Monthly Archives: April 2014
The first “coffee break” on the moon took place at 7:27pm, July 20, 1969. It was three hours after landing and four hours before the historic walk that an astronaut on the Eagle spacecraft radioed Houston control to say, “If you’ll excuse me a minute, I’m going to have a cup of coffee.”
A cappuccino is an Italian coffee drink prepared with espresso, hot milk, and steamed-milk foam. The Italian name ‘cappuccino’ comes from the long, pointed cowl, or cappuccino, that was worn as part of the habit of the Capuchin Order of Friars. In Italian, the word cappuccino also describes espresso coffee mixed or topped with steamed milk or cream, because the color of the coffee resembled the color of the habit of a Capuchin friar. Some people also believe that the term relates to the aspect of a friar’s tonsured (white) head, surrounded by a ring of brown hair.
From the Seed to the Cup – Ten Steps to Coffee
A coffee bean is actually a seed. When dried, roasted and ground, it is used to brew coffee. But if the seed is not processed, it can be planted and will grow into a coffee tree.
Coffee seeds are generally planted in large beds in shaded nurseries. After sprouting, the seedlings are removed from the seed bed to be planted in individual pots in carefully formulated soils. They will be watered frequently and shaded from bright sunlight until they are hearty enough to be permanently planted. Planting often takes place during the wet season, so that the soil around the young trees remains moist while the roots become firmly established.
Source: National Coffee Association USA
This is a reposting of my blog written in 2008: When I told my friend Henry about my new blog, Caffeine Chronicles, and how bad the coffee was in Spain….he immediately responded that’s why I loved Paris so much. You guessed it, the best coffee I’ve ever had was in Paris…everywhere in Paris.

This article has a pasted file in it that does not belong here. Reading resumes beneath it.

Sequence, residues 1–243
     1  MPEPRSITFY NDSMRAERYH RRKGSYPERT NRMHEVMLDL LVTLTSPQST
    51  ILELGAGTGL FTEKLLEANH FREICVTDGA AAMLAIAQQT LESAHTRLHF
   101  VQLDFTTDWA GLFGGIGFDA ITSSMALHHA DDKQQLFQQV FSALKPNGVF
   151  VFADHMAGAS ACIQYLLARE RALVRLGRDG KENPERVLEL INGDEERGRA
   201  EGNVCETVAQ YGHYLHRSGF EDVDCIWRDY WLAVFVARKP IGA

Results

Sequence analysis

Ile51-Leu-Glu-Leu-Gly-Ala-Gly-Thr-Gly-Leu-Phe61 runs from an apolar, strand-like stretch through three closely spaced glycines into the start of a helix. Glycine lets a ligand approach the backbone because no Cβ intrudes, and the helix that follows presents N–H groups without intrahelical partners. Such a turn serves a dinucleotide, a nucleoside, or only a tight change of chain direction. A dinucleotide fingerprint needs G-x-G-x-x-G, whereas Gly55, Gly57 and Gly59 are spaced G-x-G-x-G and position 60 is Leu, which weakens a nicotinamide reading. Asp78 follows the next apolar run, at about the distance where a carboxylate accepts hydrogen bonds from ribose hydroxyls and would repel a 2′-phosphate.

They have something very similar to cafe con leche…they call it Cafe Creme…but to the tenth power. My first introduction to Cafe Creme’s taste and kick came very shortly after arriving in Paris on the morning of April 20th, 2007. Yes, I remember the date.
I was on a business trip to Paris – participating in an incredible real estate expo. Lynda and I were on the same flight from Miami (this is same Lynda that referred me to the Preciosos Hotel in Madrid with the Starbucks down the street) and she agreed to go with me to the Eiffel Tower before we started to work at the expo the next day. It was great to have Lynda go with me because she speaks French…I do not…and she’s been to Paris before.You see, going to the top of the Eiffel Tower is one of the things on my list of 50 things I have to see or do before I die. I composed my list of 50 when I turned 50. In fact, three things on my list were accomplished during my trip to Paris (more on that later).
It was cold…very, very cold standing in line with all the other tourists waiting to buy a ticket. My decision was to buy a ticket to go to all three levels, culminating at the top. This was huge, considering I have a fear of heights. My heart raced all the way to the first level, but I stayed on the lift. My heart never beat harder going to the second level platform. There we had to get off, walk up two flights of stairs (metal grating) and get into a small elevator that would take us to the top….a glass elevator. I did not know that a person could survive when their heart and stomach relocate to their throat.
It was worth it! What an absolutely incredible 360 degree view of Paris. I can honestly say, it took my breath away, not from fear, but from the sheer beauty of this city. There was also a bonus…a coffee shop at the top. I had my “first” cafe creme and unbelievable pastry called a pan du chocolate (pardon my spelling). The coffee was fabulous, rich, dark and very strong with the sweetest tasting milk that I’ve had. I was hooked.
Only one other of my fears needed to be overcome that day while I was conquering my fear of heights, very nicely, thank you very much – my fear of birds. There were pigeons everywhere and they were bold. They are used to being fed by vistors to the top and they approach you. I’m talking right up to your feet. I had to throw small bits of my pan du chocolate some distance away from me just to get them away, far away from me. But these were smart pigeons, they saw the hand that was feeding them and demanded more. Sorry, but my fear stems from a flock of pigeons that desended upon me at a young age at Miami’s Bayfront Park…..just like the movie “The Birds”.
Needless to say, it was one item on my list of 50 that exceeded my expectations. It also had that bonus…my first Cafe Creme.
Buy Right ~ It is wise to purchase coffee in amounts proportionate to how quickly it will used. Coffee begins to lose its freshness almost immediately after roasting so it is far better to purchase it in smaller quantities. Purchase freshly roasted coffee frequently and buy only what you will use in the next 1 or 2 weeks. And because exposure to air is your coffee’s worst enemy, it is a good idea to divide your coffee supply into several smaller portions, keeping the larger, unused portion in an air-tight container.
Source: National Coffee Association USA